The road to building a successful startup is not always a smooth one. There are a lot of things to get right - strategy, budget and competition to name just a few. This can lead to many budding entrepreneurs forgetting one of the most crucial influences that they need to drive success: a mentor.

In entrepreneurial life it is inevitable to feel as though you are swimming against the tide. There is a lot of excitement that comes with the freedom of making things up as you go along, however, having a sounding-board can help reduce some of the chaos. Navigating a new and unknown landscape can be simpler if you have the guidance of a mentor.

Drawing from my own experience, I didn’t have a support network to assist me in weighing up the pros and cons of available options when my first business began to grow at a rapid pace. Armed with hindsight, I believe a good mentor is a great source of proactive support to any entrepreneur in a startup environment. 

What makes a good mentor?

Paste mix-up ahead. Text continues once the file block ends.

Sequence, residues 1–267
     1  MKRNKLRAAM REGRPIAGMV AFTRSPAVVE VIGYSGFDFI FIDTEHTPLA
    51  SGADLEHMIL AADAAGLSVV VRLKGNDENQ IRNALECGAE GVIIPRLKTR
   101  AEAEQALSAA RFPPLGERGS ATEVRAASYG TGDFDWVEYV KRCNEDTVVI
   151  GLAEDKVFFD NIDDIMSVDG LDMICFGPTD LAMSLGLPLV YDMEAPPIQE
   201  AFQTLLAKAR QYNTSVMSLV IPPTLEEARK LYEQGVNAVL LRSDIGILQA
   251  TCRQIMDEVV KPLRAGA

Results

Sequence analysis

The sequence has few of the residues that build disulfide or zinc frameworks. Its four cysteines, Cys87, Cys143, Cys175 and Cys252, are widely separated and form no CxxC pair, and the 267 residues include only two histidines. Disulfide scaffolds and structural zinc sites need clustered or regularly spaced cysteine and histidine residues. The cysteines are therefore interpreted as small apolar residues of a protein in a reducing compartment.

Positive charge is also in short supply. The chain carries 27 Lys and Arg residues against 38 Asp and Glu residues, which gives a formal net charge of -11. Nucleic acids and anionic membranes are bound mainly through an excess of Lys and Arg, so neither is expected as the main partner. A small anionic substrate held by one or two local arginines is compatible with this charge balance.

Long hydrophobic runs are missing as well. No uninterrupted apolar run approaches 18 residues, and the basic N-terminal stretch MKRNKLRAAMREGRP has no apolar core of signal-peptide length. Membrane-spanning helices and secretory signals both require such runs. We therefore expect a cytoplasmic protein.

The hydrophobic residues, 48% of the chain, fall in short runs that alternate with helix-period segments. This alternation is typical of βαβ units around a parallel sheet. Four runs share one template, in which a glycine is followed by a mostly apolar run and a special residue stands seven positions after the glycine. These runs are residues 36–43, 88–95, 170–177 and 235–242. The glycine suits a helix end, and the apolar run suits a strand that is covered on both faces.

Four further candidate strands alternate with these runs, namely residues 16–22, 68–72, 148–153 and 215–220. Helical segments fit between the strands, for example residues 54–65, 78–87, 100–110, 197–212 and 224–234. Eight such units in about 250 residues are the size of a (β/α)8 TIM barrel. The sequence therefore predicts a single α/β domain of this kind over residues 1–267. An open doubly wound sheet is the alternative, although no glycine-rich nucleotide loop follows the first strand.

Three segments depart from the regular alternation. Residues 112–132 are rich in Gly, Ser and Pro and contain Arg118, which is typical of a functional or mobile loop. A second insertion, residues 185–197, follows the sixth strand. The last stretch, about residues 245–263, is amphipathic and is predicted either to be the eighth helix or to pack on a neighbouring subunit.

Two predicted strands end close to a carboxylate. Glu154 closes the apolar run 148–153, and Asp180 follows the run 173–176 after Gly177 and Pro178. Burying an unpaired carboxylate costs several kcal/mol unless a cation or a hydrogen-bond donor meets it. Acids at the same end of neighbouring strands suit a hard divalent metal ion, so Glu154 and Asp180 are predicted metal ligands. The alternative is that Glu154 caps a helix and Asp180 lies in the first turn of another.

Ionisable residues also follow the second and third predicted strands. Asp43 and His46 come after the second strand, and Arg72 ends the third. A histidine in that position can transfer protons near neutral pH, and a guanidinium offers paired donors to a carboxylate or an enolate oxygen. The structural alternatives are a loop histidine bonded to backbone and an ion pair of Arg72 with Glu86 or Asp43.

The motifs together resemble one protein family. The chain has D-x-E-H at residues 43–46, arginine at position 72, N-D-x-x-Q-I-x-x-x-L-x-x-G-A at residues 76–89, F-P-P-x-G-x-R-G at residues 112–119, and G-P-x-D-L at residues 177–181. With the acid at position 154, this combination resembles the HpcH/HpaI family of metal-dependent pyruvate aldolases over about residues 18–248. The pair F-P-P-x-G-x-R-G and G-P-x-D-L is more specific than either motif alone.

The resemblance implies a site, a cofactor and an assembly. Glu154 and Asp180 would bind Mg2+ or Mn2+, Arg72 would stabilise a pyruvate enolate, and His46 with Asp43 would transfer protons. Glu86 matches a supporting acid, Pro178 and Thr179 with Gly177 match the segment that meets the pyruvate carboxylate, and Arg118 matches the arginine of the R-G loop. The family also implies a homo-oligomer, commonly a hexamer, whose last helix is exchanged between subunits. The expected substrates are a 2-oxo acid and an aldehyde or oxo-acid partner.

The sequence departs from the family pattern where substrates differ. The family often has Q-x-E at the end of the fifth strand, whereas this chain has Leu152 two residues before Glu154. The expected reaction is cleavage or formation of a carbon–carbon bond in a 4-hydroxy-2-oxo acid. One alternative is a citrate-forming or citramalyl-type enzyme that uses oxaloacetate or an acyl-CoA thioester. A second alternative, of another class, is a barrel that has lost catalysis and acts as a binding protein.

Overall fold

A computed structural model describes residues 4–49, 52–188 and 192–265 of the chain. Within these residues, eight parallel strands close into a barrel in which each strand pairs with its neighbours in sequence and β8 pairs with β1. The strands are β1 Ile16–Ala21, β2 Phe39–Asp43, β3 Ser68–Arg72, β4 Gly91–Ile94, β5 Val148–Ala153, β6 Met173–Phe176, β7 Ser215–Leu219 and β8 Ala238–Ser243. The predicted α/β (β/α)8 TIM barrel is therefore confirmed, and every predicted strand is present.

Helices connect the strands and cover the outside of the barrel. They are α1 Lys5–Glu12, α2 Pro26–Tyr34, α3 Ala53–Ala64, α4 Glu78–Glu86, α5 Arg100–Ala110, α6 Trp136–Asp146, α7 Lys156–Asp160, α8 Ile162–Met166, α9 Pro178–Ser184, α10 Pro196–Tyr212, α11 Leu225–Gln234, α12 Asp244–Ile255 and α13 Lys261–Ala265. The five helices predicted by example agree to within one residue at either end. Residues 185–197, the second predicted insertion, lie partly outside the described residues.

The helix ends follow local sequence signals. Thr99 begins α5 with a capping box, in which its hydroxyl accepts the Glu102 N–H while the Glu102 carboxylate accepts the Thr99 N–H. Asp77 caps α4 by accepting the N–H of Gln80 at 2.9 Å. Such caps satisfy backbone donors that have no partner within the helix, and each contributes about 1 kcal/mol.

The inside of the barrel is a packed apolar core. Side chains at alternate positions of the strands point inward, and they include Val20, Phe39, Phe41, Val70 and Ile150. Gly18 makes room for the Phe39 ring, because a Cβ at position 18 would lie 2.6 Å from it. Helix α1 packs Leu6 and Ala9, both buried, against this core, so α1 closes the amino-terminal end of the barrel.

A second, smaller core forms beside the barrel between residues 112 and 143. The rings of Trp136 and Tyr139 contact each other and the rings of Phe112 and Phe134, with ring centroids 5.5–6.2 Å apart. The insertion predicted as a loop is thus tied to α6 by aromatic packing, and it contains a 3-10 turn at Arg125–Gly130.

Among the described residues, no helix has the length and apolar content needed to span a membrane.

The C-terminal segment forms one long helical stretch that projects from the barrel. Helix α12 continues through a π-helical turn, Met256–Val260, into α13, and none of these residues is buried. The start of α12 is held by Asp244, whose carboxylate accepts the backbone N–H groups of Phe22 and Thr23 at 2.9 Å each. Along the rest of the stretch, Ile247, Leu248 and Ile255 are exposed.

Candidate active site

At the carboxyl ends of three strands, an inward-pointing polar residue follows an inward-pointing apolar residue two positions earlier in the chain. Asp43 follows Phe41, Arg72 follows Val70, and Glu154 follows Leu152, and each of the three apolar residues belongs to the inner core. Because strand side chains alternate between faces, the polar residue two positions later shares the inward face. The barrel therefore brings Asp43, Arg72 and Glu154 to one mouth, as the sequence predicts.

There are several aspects that define a good mentor: 

  • A good mentor should be a non-executive and maintain an arm's length relationship with the business. 

  • It is vital that they know the industry well and understand the challenges that the business faces. 

  • A mentor should also help build on the strengths of the business, while offering a wealth of knowledge that comes from their own personal experience.

  • They should be able to do all of this while maintaining a refreshing and energetic passion for developing the entrepreneur and the key players in the team.

How can mentors add value to a business?

A mentor should be in a position to pre-empt problems or obstacles that lie ahead, whilst ensuring that hidden opportunities are recognized and seized. A great mentor will also offer the ultimate startup tool - a ‘Little Black Book’ of contacts which can open doors that many entrepreneurs are unable to leverage themselves.

When mentoring entrepreneurs, I ensure that I offer as much insight and advice as possible for them to be successful by supporting them to make their own decisions – not by making the decisions for them. This can sometimes include speaking to customers of the businesses to gather their opinions before feeding back to the executive team.